Research Article| Volume 33, ISSUE 6, e519-e526, November 2020

“I’m sure we talked about it”: Midwives experiences of ethics education and ethical dilemmas, a qualitative study

  • Michele Megregian
    Corresponding author.
    Nurse-Midwifery, School of Nursing, Oregon Health & Science University, United States
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  • Lisa Kane Low
    School of Nursing and Department of Women's Studies and Department of Obstetrics and Gynecology, University of Michigan, 400 North Ingalls Suite 3160, Ann Arbor Michigan, 48103, United States
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  • Cathy Emeis
    Director of the Nurse-Midwifery Program, School of Nursing, Oregon Health & Science University, 3455 US Veterans Hospital Rd, Portland, OR, 97239, United States
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  • Raymond de Vries
    School of Public Health and Primary Care Maastricht, University Maastricht, Maastricht, Universiteitssingel 60, 622ER Maastricht, The Netherlands

    Center for Bioethics and Social Sciences in Medicine, University of Michigan Medical School, 2800 Plymouth Rd Ann Arbor, MI, 48109, United States
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  • Marianne Nieuwenhuijze
    Professor of Midwifery, Research Centre for Midwifery Science, Zuyd University, Maastricht, Universiteitssingel 60, 6229 ER Maastricht, The Netherlands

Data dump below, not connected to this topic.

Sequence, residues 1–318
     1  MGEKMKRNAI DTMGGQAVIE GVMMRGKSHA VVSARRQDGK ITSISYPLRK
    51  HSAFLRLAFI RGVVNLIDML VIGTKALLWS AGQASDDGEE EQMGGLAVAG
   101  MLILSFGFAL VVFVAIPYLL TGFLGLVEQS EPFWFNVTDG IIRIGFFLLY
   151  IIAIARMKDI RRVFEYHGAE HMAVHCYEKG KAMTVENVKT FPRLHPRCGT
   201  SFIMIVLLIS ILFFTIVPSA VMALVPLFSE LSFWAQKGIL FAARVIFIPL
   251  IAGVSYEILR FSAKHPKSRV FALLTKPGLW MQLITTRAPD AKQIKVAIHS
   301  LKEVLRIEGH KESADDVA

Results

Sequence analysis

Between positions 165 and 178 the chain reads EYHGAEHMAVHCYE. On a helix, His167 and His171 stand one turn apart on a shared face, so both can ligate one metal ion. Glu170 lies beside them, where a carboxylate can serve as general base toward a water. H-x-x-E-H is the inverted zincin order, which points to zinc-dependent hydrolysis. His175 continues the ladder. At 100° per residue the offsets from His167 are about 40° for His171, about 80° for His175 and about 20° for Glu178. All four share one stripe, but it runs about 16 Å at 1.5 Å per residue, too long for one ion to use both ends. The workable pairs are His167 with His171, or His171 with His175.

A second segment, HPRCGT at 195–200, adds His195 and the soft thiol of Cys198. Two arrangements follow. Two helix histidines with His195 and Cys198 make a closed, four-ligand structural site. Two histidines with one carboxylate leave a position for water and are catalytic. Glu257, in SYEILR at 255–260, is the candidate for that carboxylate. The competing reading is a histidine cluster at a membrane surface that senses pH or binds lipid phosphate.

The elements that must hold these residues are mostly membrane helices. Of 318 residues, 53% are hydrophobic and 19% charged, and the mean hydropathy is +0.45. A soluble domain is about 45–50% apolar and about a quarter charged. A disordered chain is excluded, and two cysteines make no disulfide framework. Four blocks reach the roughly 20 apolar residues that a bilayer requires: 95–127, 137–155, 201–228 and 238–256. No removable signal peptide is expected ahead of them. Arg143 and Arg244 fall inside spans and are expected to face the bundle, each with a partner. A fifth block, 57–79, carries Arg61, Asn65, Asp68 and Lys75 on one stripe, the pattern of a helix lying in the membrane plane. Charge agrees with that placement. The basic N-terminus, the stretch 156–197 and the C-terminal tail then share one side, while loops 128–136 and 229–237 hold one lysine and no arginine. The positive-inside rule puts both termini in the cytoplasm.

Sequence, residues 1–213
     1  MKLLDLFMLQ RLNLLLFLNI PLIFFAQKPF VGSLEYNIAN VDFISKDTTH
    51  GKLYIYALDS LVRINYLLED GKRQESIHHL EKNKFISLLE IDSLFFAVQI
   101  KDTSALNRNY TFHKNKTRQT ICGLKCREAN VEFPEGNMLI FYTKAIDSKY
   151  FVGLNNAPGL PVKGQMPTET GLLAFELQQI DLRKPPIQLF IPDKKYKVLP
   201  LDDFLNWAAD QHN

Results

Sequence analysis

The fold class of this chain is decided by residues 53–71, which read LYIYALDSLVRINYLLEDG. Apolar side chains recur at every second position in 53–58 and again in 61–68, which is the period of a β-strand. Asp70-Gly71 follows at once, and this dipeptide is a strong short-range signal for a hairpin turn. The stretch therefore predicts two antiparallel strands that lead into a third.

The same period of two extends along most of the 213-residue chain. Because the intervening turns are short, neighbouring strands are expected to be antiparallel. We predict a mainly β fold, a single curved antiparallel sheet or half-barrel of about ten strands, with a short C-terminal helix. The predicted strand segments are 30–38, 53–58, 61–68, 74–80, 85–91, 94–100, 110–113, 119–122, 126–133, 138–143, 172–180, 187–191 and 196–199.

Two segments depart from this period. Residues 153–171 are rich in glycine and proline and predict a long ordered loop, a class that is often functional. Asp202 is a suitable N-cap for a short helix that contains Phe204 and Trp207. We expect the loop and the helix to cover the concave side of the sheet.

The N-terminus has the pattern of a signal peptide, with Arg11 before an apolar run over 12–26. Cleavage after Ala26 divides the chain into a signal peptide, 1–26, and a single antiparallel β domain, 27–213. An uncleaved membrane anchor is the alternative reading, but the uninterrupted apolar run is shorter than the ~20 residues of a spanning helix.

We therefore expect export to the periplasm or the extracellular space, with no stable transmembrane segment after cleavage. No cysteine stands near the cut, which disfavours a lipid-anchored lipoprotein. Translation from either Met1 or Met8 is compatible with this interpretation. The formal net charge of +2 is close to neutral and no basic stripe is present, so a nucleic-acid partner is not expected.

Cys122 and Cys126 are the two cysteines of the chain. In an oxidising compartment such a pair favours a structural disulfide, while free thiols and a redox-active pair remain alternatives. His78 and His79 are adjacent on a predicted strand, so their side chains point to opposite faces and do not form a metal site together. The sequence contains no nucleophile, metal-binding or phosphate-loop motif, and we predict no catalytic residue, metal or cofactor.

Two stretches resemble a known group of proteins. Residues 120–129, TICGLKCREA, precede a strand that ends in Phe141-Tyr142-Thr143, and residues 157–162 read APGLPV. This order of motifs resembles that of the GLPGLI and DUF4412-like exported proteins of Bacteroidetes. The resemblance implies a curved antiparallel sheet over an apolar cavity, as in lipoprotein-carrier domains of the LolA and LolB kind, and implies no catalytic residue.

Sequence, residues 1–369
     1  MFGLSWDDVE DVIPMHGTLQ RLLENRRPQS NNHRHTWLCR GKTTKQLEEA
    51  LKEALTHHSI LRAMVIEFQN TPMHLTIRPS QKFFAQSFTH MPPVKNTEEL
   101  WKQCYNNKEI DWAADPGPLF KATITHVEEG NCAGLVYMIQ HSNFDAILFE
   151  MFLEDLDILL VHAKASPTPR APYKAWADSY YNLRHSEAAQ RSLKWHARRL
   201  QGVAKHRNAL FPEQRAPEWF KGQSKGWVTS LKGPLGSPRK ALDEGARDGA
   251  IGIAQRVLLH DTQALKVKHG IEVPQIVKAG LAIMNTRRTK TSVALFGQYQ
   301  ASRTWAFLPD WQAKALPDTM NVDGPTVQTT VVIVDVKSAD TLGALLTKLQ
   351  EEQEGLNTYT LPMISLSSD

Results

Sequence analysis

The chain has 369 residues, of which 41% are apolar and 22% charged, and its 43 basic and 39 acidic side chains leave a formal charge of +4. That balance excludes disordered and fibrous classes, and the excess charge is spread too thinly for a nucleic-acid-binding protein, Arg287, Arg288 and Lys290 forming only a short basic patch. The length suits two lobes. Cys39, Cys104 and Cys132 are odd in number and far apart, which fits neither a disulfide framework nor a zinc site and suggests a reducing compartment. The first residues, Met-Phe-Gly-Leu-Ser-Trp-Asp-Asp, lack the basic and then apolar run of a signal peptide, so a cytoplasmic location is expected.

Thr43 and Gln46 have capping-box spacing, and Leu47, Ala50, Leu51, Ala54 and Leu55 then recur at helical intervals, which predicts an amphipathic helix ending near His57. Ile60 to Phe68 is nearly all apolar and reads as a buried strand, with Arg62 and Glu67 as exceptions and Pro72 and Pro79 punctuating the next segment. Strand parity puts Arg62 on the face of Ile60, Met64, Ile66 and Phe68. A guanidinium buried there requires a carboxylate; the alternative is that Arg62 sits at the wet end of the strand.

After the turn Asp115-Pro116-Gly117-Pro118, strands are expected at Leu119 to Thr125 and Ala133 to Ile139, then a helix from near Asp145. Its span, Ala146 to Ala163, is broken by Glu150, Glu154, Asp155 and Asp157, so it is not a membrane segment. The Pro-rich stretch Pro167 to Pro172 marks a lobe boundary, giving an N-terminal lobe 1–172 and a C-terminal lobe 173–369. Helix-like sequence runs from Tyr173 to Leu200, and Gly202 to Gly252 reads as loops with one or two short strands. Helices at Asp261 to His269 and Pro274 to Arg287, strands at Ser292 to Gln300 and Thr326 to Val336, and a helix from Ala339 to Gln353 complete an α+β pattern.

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Published:January 27, 2020DOI:



      Midwives are expected to identify and help resolve ethics problems that arise in practice, skills that are presumed to be taught in midwifery educational programs. In this study, we explore how midwives recognize ethical dilemmas in clinical practice and examine the sources of their ethics education.


      We conducted semi-structured, individual interviews with midwives from throughout the United States (U.S.) (n = 15). Transcripts of the interviews were analysed using an iterative process to identify themes and subthemes.


      Midwives described a range of professional ethical dilemmas, including challenges related to negotiating strained interprofessional relationships and protecting or promoting autonomy for women. Ethical dilemmas were identified by the theme of unease, a sense of distress that was expressed in three subthemes: uncertainty of action, compromise in action, and reflecting on action. Learning about ethics and ethical dilemmas occurred, for the most part, outside of the classroom, with the majority of participants reporting that their midwifery program did not confer the skills to identify and resolve ethical challenges.


      Midwives in this study reported a range of ethical challenges and minimal classroom education related to ethics. Midwifery educators should consider the purposeful and explicit inclusion of midwifery-specific ethics content in their curricula and in interprofessional ethics education. Reflection and self-awareness of bias were identified as key components of understanding ethical frameworks. As clinical preceptors were identified as a key source of ethics learning, midwifery educators should consider ways to support preceptors in building their skills as role models and ethics educators.


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